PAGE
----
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In the past calendar week, there were 22% fewer hospital admissions of patients with COVID-19 compared to the week before. New arrivals in the ICU were also down by 22% compared to the previous week.* The largest decrease was seen in age groups that are already eligible for vaccination. Although the number of hospital admissions has decreased this week, there is still no sign of the decrease that the OMT wants to see.** Pressure on hospitals from COVID-19 patients is still very high at these levels.

The number of reported positive COVID-19 tests decreased by 10%. The number of reported positive tests decreased in all age groups, except for the age group of 18-24 years. 7% more positive COVID-19 tests were reported in that age group in the past week. 
* Source: NICE Foundation

** The decrease that the OMT wants to see compared to the peak was not yet achieved in the past calendar week. The OMT recommends not relaxing the measures any further until the current 7-day average for new hospital and ICU admissions has decreased sufficiently. This criterion for relaxing the measures is not based on the differences per week that are reported here, but on differences in the running average over seven days.


Hospital admissions and age of patients admitted

1,379 new COVID-19 hospital admissions were reported last week, 22% fewer than in the week before, when 1,763 people with COVID-19 were admitted to hospital. 304 new ICU admissions were reported in the past week, also about a 22% decrease compared to the week before, when 388 people with COVID-19 were admitted to ICU.

The downward trend in the number of hospital admissions among people aged 80 and over, who were the first to be vaccinated, has been continuing for some time. The largest decrease in the number of new hospital admissions in the past week was in the age group of 60-79 years (-28%) compared to the previous week (Figure 1). The sharp drop in new hospital admissions in the age group of 60-79 years is probably mainly an effect of vaccinating increasingly younger groups. It is the first time since the start of the epidemic that more people under 40 have been hospitalised with COVID-19 than people aged 80 and over (Figure 1). At this point, more than 6.4 million vaccinations have been given.

Figure 1. Hospital admissions by age group, per week (Source: NICE Foundation).

Positive COVID-19 tests and regional differences 

354,085 people were tested for COVID-19 in the past calendar week. That is 14% fewer than the week before. The number of tests administered in the test lanes operated by the Municipal Public Health Services (GGDs) seems to have been influenced by the start of the May holidays. In particular, the number of people tested who were under 18 years old was lower than in previous weeks. 

The percentage of people who tested positive for COVID-19 rose from 11.7% in the week of 28 April to 4 May, to 12.3% in the past week. The number of newly reported people who tested positive for COVID-19 was 47,108 (-10%). This decrease was caused at least partly by fewer people getting tested. 

In the past week, 270 people per 100,000 inhabitants received a positive test result for COVID-19. The reported number of people who tested positive for COVID-19 per 100,000 inhabitants decreased in nearly all age groups (Figure 2), with the exception of the age group of 18-24 years. The number of positive COVID-19 tests rose by 7% in that group. The largest decrease was in the age category of 0-12 years (-30%), but this group was the least tested in the past week.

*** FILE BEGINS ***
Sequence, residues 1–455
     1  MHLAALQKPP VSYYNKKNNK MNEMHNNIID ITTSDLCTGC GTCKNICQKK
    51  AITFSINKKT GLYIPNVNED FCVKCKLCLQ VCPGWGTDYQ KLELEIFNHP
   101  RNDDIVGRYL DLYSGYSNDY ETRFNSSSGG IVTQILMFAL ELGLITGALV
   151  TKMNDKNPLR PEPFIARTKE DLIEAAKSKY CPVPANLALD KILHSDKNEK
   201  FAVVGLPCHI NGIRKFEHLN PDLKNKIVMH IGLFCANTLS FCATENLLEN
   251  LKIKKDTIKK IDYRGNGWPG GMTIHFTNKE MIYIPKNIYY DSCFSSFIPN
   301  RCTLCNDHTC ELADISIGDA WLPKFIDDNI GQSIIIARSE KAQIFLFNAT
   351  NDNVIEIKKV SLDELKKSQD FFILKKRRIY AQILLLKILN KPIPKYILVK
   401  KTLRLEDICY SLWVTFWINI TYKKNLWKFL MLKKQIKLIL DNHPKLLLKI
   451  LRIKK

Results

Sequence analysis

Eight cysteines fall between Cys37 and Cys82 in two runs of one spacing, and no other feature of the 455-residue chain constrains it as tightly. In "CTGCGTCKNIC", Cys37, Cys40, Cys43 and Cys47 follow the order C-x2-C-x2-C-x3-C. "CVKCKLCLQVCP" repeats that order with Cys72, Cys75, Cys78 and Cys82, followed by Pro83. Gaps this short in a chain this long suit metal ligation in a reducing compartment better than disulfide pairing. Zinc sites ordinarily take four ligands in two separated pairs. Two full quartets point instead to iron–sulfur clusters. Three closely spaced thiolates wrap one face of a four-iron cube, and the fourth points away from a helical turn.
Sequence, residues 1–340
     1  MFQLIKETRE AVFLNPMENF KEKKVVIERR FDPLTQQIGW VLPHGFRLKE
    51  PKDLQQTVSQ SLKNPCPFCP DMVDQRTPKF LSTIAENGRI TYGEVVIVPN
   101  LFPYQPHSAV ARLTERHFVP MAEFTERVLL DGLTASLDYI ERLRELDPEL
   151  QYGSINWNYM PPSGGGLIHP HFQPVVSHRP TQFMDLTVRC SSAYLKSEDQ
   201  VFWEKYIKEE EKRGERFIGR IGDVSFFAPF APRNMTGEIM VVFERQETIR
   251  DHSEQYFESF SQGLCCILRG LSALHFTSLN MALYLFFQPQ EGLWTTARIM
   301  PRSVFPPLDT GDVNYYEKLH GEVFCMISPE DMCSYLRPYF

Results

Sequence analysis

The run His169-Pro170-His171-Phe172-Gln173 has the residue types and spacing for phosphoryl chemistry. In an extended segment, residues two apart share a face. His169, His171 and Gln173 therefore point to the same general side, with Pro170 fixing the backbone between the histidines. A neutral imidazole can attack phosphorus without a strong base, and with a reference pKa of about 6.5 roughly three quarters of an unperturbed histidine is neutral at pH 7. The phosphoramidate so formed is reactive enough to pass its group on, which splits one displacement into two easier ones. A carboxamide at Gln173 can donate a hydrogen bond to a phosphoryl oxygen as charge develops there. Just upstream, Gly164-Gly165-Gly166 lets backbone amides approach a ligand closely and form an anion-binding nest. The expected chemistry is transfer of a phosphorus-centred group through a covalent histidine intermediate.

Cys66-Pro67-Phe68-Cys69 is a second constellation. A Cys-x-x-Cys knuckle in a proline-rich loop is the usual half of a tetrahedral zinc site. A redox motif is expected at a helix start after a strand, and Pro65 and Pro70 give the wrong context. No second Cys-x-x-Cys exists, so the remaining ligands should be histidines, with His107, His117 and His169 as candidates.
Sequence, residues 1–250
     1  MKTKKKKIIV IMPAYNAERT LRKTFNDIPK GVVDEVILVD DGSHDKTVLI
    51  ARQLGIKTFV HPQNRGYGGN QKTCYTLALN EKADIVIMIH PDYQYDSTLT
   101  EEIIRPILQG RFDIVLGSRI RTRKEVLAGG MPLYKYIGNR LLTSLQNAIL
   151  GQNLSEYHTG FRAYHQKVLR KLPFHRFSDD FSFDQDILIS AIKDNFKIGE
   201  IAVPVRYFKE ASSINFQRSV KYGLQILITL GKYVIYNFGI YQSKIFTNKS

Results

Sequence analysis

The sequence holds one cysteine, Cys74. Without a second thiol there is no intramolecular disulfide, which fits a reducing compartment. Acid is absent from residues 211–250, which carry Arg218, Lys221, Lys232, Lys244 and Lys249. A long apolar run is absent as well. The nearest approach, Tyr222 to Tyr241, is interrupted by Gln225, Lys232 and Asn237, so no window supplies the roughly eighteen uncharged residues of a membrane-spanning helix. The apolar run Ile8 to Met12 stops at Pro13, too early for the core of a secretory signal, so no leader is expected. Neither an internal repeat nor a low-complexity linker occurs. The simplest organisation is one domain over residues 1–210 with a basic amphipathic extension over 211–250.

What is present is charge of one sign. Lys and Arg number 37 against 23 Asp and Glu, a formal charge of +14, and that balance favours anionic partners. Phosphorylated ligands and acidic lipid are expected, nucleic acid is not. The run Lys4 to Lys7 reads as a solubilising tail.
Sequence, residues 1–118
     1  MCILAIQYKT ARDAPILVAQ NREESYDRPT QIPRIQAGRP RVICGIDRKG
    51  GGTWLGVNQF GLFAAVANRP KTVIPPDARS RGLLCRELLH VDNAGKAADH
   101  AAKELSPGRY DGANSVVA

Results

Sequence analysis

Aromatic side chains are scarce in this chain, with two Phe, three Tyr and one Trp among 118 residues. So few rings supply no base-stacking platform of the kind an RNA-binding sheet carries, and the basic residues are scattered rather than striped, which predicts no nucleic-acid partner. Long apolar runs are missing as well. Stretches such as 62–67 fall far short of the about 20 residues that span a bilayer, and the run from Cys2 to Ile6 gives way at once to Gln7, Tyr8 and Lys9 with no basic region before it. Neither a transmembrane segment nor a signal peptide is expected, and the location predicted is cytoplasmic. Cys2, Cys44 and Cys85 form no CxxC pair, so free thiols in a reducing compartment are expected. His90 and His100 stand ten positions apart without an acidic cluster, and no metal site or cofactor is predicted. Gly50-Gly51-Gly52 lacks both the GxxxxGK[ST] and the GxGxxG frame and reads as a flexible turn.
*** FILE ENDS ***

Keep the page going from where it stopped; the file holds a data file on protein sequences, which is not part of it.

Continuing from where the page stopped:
Figure 2. Newly reported infections by age group, per calendar week.

Reproduction number and contagious people 

The reproduction number based on reported positive tests increased compared to the previous week. The reproduction number for 26 April was 1.01 (lower limit 0.99 – upper limit 1.03). On 19 April, the reproduction number was 0.94.  The reproduction number based on hospital admissions dropped from 1.00 on 19 April to 0.93 (lower limit 0.80 – upper limit 1.06) on 26 April. On the same date, the reproduction number based on ICU admissions was 0.96 (lower limit 0.68 – upper limit 1.26), also slightly lower than the week before that, when R was 0.99. Due to the smaller data set, the calculations for the latter two reproduction numbers have a greater margin of uncertainty.

The number of contagious people – meaning people who are infected with the virus and in the phase of infection that they can transmit the virus to others – dropped from 188,000 on 26 April to nearly 149,000 on 3 May. It is still very important to follow the basic measures.

Follow the measures, even after a negative test result (or self-test) or after vaccination

If everyone follows the basic measures, even if you just tested negative for COVID-19 or have been vaccinated, then fewer people will be infected. By continuing the vaccinations and following the basic measures, fewer people will be infected and fewer people will be admitted to hospital. Stay 1.5 metres from others, stay home if you have symptoms, and get tested. Testing is still important if you have already been vaccinated. You can still become infected and infect others. Wash your hands regularly. Did you test positive for COVID-19 on the self-test? Stay home, isolate yourself from others, have your household members start quarantining, and contact the GGD. This is how we can stop the coronavirus from spreading.